Higher-mileage rental units found on used lots are another story. These are the auction cars, with resprays and rough interiors and many blank lines in the maintenance log. No thanks.

  • avatar

    Nope. I bought one rental in the mid 90’s. Enterprise it was. Mazda 323 and it was terribad. Plus I have made it my life’s work to invent autocross/curb jumping/e-brake-pulling-at-any-and-every-speed with rental cars I pick up for work. Bored business travelers make for some motivated car hooligans.

    • 0 avatar
      don1967

      I’ve never met a business traveler who made it their ‘life’s work’ to vandalize others’ property. The business travelers I know are successful, well-adjusted people.

  • avatar
    mkirk

    In my younger days my good friends father sold cars and we would end up driving all sorts of used metal around which we usually beat on pretty hard being young and stupid. So one day we get this 3.8 Taurus and after a couple of days of flogging it to include getting it airborne several times on “thrill hill” his saint of a mother ends up buying the thing. It served her reliably but putting a face to the person who ends up with the car kind of made me rethink those shenanigans.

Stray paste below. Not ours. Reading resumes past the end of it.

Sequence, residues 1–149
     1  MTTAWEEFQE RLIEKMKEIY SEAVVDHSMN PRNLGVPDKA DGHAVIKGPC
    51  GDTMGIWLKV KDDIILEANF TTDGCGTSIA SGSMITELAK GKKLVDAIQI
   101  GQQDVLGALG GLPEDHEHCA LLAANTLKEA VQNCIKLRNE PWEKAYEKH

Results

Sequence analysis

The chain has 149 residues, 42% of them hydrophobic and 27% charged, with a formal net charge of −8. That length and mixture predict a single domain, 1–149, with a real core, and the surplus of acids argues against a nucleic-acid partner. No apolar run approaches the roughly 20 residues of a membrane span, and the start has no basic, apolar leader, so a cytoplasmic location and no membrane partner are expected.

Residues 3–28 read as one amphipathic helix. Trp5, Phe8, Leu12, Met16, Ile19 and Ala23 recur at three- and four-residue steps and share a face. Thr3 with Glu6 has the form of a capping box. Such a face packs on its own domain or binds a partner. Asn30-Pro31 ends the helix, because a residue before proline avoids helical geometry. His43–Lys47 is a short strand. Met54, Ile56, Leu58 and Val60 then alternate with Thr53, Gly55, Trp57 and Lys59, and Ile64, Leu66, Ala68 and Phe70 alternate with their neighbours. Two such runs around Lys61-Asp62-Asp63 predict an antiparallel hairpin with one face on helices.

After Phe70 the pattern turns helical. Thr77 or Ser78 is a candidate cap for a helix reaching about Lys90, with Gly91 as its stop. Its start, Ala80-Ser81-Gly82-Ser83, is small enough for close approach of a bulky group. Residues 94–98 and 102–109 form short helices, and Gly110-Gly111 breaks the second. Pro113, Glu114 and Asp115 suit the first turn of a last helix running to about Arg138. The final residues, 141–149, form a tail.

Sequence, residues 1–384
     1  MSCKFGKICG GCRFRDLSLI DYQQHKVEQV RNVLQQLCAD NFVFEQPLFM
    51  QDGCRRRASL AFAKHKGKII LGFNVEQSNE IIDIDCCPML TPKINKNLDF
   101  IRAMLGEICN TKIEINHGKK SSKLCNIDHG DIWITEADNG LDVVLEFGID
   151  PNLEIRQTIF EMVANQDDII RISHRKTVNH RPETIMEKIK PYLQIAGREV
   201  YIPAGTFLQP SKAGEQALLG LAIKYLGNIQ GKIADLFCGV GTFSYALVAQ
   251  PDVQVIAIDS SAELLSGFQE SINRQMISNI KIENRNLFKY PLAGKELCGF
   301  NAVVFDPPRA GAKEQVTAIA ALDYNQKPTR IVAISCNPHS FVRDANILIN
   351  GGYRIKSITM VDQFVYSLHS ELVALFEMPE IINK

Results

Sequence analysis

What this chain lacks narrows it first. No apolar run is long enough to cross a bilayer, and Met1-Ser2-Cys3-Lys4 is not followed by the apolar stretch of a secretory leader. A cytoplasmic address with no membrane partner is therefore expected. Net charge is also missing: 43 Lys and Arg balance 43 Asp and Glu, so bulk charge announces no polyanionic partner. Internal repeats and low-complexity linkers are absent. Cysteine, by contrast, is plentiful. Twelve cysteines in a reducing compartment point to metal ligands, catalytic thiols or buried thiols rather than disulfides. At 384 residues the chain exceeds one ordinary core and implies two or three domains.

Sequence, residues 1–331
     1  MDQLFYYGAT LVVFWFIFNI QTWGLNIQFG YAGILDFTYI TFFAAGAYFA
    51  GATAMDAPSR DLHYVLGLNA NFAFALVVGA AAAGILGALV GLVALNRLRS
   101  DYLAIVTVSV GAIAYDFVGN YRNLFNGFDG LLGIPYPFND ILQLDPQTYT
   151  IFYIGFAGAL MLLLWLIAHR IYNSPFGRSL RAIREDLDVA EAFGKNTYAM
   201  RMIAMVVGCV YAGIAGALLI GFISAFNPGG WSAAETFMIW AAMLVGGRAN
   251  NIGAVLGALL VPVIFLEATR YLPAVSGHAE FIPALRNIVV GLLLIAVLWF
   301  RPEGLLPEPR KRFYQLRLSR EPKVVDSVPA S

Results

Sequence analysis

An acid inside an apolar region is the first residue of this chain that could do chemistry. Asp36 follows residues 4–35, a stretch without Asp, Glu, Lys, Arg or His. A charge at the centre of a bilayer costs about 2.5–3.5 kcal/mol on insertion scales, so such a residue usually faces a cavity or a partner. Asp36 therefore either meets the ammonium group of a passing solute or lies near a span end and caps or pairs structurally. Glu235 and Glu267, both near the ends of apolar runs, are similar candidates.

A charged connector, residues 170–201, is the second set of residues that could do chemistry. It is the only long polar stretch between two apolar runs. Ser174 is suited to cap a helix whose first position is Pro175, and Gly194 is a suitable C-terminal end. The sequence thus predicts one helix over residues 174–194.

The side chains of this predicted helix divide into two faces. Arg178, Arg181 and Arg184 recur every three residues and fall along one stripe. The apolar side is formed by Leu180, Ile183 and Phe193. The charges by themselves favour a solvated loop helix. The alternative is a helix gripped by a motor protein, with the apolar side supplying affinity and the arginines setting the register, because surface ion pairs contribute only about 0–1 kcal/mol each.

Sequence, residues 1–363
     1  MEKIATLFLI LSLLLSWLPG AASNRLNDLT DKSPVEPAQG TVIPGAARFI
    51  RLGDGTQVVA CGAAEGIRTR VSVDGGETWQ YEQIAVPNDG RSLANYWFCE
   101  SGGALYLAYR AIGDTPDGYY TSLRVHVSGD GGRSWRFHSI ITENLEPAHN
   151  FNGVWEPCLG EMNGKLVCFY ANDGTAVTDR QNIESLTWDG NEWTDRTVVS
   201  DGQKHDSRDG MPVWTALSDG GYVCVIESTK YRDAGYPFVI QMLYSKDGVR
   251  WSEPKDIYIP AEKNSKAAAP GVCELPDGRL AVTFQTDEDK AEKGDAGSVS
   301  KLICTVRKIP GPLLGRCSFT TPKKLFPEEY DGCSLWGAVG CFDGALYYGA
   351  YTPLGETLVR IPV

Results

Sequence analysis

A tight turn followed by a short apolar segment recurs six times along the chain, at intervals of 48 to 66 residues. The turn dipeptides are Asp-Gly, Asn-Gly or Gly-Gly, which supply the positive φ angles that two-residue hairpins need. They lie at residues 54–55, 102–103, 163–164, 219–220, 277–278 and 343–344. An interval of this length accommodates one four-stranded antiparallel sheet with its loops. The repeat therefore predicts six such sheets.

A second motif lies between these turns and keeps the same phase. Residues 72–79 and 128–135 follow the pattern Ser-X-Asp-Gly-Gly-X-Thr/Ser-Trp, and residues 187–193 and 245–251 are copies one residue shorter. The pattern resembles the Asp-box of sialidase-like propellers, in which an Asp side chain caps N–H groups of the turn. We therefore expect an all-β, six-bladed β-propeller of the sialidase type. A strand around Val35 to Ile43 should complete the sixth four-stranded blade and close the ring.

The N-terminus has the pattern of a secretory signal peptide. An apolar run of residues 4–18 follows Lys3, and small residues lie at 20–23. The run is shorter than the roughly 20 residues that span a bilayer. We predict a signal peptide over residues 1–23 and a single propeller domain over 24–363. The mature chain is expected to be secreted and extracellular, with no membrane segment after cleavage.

• avatar
    C. Alan

    Ex-rental sports car? No.

    Ex-rental minivan? Yes. I have bought one of these over the years, and it worked out fine. Most mini-vans are rented by families, and they don’t tend to abuse them, unless you count the dents in the rear bumper from dragging luggage over it.

  • avatar
    dtremit

    Just budget for some serious steam cleaning:

    http://www.today.com/news/rossen-reports-rental-cars-found-teeming-bacteria-1D79841756

    Junior may have done a biohazard number on the back seat.

  • avatar
    jerseydevil200

    Better a car that abused occasionally, like a rental, then a car that’s abused every day by its full time owner.

  • avatar

    I think it all depends on location, here in the US, I don’t remember renting a car with more than 7 or 8k on it so I don’t think I would have a problem buying an ex rental.
    I do travel to Israel twice a year, and always rent a car from Avis, what can I tell you, in Israel, it does not matter how many miles you have on the car, they all dented and they all drive like crap, the amount of abuse these cars take really prove that a car will not hold forever if you abuse it, this last November, at the Avis counter, I was offered 3 choices, a 2011 Mazda 3, 2012 Focus or 2013 Elantra with 29k miles on it, I took the Elantra for two reasons, one, it had the least amount of miles and it had a panoramic roof.
    The car drove and felt as if it was at least 10 years old, I know it’s an Elantra but I don’t think anybody would even look at this car if it was for sale.

  • avatar
    e30gator

    We have an ’09 Saturn Aura XR that we bought in Spring of ’10 with about 34k on it. I was a little apprehensive at first, but we took it home for $13.5K–a car that listed for over $26k new. 50% off sale!Crazy.

    It looked like new, drove like new, had a clean history report, and still had a bit left on its factory waranty. It now has about 107k on it. Would I do it again? Yes!